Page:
Let’s face it…we are different online than we are in real life. For instance, it may ‘appear’ that I have things under control around here. But, then again, you haven’t seen this…
Yep. That would be our home office (which looks eerily similar to how it was this time last year). You’ll be happy to know that it has since been cleaned and semi-organized. But as you can see, I obviously don’t have it all together!
It seems that behind a computer screen, we can be anyone we want to be. Bold when we’re really softspoken, funny when we’re really timid, happy when we’re really depressed. It could be said that our online personality is who we would like to be in the real world.
But sometimes this ‘online personality’ of ours can take things a little too far. For instance, one might be tempted to type something that pops into one’s mind when one would never, in a million years, say those same words to someone’s face.
Every now and again, someone will leave a comment here or on my Facebook page that completely baffles me. I’m all for constructive criticism (done in a gentle and respectful way), but sometimes people can just be plain ol’ mean!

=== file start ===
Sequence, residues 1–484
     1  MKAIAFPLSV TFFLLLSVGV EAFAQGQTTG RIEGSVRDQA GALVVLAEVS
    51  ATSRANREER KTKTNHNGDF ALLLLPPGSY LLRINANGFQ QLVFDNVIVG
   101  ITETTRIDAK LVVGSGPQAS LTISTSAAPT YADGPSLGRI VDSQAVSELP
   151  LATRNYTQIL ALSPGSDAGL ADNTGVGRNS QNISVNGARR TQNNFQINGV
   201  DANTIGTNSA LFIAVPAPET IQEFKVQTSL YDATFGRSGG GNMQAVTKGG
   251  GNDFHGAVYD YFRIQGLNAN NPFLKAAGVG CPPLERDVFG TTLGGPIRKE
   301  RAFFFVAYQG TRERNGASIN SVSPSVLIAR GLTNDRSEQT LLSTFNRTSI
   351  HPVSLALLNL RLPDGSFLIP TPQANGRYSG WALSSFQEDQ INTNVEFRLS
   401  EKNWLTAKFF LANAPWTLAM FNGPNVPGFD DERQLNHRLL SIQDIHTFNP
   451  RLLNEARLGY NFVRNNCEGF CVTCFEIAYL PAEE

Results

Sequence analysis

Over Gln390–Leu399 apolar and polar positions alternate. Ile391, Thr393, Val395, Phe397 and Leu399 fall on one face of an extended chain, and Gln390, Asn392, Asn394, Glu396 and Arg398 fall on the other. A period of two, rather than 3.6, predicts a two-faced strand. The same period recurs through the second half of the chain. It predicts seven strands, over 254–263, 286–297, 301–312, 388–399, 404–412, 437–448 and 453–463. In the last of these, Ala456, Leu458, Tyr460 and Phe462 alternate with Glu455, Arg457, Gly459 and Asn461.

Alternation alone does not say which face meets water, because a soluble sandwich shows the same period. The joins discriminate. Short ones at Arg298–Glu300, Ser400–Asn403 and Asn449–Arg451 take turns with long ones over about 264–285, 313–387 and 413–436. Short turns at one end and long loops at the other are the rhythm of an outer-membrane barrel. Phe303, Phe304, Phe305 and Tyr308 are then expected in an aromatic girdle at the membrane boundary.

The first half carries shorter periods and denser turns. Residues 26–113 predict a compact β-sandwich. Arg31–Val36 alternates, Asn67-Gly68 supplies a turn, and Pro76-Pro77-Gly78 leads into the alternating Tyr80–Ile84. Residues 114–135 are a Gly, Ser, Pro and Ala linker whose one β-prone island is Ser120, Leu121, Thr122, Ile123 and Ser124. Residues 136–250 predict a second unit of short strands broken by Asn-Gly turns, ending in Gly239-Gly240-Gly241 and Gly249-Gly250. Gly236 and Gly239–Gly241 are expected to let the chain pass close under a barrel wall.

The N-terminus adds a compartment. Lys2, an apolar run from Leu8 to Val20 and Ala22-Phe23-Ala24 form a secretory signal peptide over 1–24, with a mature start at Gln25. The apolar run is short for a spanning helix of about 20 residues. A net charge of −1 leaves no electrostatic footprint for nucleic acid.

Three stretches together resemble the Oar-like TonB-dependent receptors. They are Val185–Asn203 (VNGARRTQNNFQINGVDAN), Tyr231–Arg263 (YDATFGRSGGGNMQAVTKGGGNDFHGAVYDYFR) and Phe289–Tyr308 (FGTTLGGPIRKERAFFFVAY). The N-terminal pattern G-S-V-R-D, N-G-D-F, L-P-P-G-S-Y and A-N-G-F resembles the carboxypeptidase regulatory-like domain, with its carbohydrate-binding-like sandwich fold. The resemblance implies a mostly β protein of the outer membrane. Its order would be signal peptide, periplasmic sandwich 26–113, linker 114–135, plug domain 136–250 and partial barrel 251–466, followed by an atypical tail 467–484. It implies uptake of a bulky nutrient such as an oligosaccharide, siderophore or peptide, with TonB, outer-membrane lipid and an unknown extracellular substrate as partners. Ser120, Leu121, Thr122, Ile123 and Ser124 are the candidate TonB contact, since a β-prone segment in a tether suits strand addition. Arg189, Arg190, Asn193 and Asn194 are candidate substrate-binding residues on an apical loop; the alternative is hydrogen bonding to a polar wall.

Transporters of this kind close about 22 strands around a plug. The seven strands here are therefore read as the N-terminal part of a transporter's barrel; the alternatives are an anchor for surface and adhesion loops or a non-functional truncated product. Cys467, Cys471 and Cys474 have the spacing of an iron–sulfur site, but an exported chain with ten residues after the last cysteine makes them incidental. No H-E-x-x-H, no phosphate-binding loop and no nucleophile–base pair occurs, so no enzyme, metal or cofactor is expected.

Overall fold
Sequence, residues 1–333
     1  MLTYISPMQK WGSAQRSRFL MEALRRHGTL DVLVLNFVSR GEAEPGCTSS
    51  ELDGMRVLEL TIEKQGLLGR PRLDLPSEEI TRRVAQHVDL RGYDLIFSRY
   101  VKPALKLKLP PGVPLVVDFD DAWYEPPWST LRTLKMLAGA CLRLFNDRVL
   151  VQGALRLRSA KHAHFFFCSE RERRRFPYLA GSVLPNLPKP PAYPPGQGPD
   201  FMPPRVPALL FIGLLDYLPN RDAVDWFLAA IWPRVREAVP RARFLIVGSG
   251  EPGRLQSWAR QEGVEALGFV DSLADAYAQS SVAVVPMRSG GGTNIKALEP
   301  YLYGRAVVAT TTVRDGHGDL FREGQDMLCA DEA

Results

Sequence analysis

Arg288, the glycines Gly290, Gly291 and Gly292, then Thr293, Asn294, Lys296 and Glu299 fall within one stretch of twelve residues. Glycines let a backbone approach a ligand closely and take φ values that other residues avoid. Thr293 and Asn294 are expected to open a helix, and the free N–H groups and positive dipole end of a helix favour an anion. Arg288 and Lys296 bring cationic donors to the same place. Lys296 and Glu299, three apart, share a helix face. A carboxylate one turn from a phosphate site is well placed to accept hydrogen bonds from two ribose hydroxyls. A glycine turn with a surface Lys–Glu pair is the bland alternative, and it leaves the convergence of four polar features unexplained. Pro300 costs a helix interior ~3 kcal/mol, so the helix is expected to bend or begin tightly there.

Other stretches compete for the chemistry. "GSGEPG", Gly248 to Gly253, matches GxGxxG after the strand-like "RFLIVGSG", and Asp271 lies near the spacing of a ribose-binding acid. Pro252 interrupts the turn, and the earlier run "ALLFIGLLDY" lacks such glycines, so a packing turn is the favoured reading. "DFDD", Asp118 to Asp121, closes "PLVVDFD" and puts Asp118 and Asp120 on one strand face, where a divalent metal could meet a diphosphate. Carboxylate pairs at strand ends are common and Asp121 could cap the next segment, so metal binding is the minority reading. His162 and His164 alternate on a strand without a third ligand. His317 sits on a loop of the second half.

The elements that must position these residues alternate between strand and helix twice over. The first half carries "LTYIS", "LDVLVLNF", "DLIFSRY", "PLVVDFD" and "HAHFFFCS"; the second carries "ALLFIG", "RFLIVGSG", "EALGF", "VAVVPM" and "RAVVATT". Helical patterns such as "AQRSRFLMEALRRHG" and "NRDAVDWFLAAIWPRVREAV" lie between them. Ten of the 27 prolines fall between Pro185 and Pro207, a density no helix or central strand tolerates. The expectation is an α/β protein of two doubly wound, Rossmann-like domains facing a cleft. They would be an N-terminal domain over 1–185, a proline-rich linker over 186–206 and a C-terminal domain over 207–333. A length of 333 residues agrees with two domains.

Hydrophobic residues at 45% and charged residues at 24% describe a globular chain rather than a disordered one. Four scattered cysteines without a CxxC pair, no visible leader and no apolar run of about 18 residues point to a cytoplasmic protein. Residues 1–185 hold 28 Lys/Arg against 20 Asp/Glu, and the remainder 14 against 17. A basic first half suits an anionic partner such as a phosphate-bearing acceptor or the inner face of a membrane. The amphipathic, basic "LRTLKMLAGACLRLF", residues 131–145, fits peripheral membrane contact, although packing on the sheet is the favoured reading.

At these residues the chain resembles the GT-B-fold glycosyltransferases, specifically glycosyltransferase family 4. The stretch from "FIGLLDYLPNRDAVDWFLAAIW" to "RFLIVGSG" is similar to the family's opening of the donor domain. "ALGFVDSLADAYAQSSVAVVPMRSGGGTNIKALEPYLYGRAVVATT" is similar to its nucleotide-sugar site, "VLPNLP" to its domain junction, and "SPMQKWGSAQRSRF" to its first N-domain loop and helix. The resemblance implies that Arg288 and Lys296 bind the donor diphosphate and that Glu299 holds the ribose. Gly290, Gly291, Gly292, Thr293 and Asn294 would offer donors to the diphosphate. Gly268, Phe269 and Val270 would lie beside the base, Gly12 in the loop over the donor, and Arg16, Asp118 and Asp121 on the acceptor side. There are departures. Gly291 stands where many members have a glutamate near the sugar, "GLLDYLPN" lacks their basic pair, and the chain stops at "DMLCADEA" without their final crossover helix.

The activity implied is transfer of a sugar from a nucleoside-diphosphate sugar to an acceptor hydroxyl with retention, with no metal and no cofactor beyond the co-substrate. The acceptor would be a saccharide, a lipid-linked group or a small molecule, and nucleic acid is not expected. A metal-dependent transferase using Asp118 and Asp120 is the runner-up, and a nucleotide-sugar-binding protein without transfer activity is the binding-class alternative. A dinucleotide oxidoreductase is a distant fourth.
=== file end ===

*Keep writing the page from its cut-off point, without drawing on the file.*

This is a problem. A huge problem, in fact, as more and more of our ‘interpersonal interactions’ occur behind the “safety” of a computer screen.
Think about it. How much of your day do you spend meaningfully communicating with others in real life? On the phone? Online? For most of us, we probably communicate online much more than we communicate in real life and on the phone. It’s sad, but it’s true.
A lot has changed in the last several years. We are more dependent on technology than ever. And whether or not you believe this is a good thing, it certainly presents new challenges. One of these challenges is learning how to be kind and respectful in our online interactions. And teaching our kids to do the same (when the time comes).
Luke 6: 31 says, “Do to others as you would have them do to you.”
Are you treating someone the way you want to be treated? This is a great question to ask ourselves all the time, but especially when we’re communicating online (whether through e-mail, Facebook, Twitter, or blogs).
When you get an inkling to write something snarky…Pause. Reflect. Think about the person sitting on the other side of that computer screen and how your words will affect him/her. How will it affect his/her real-life interactions with others? How would you feel if someone
said typed the same thing to you?
Be respectful. Be courteous. And remember…if you don’t have something nice to
say type, don’t say type it at all. ;)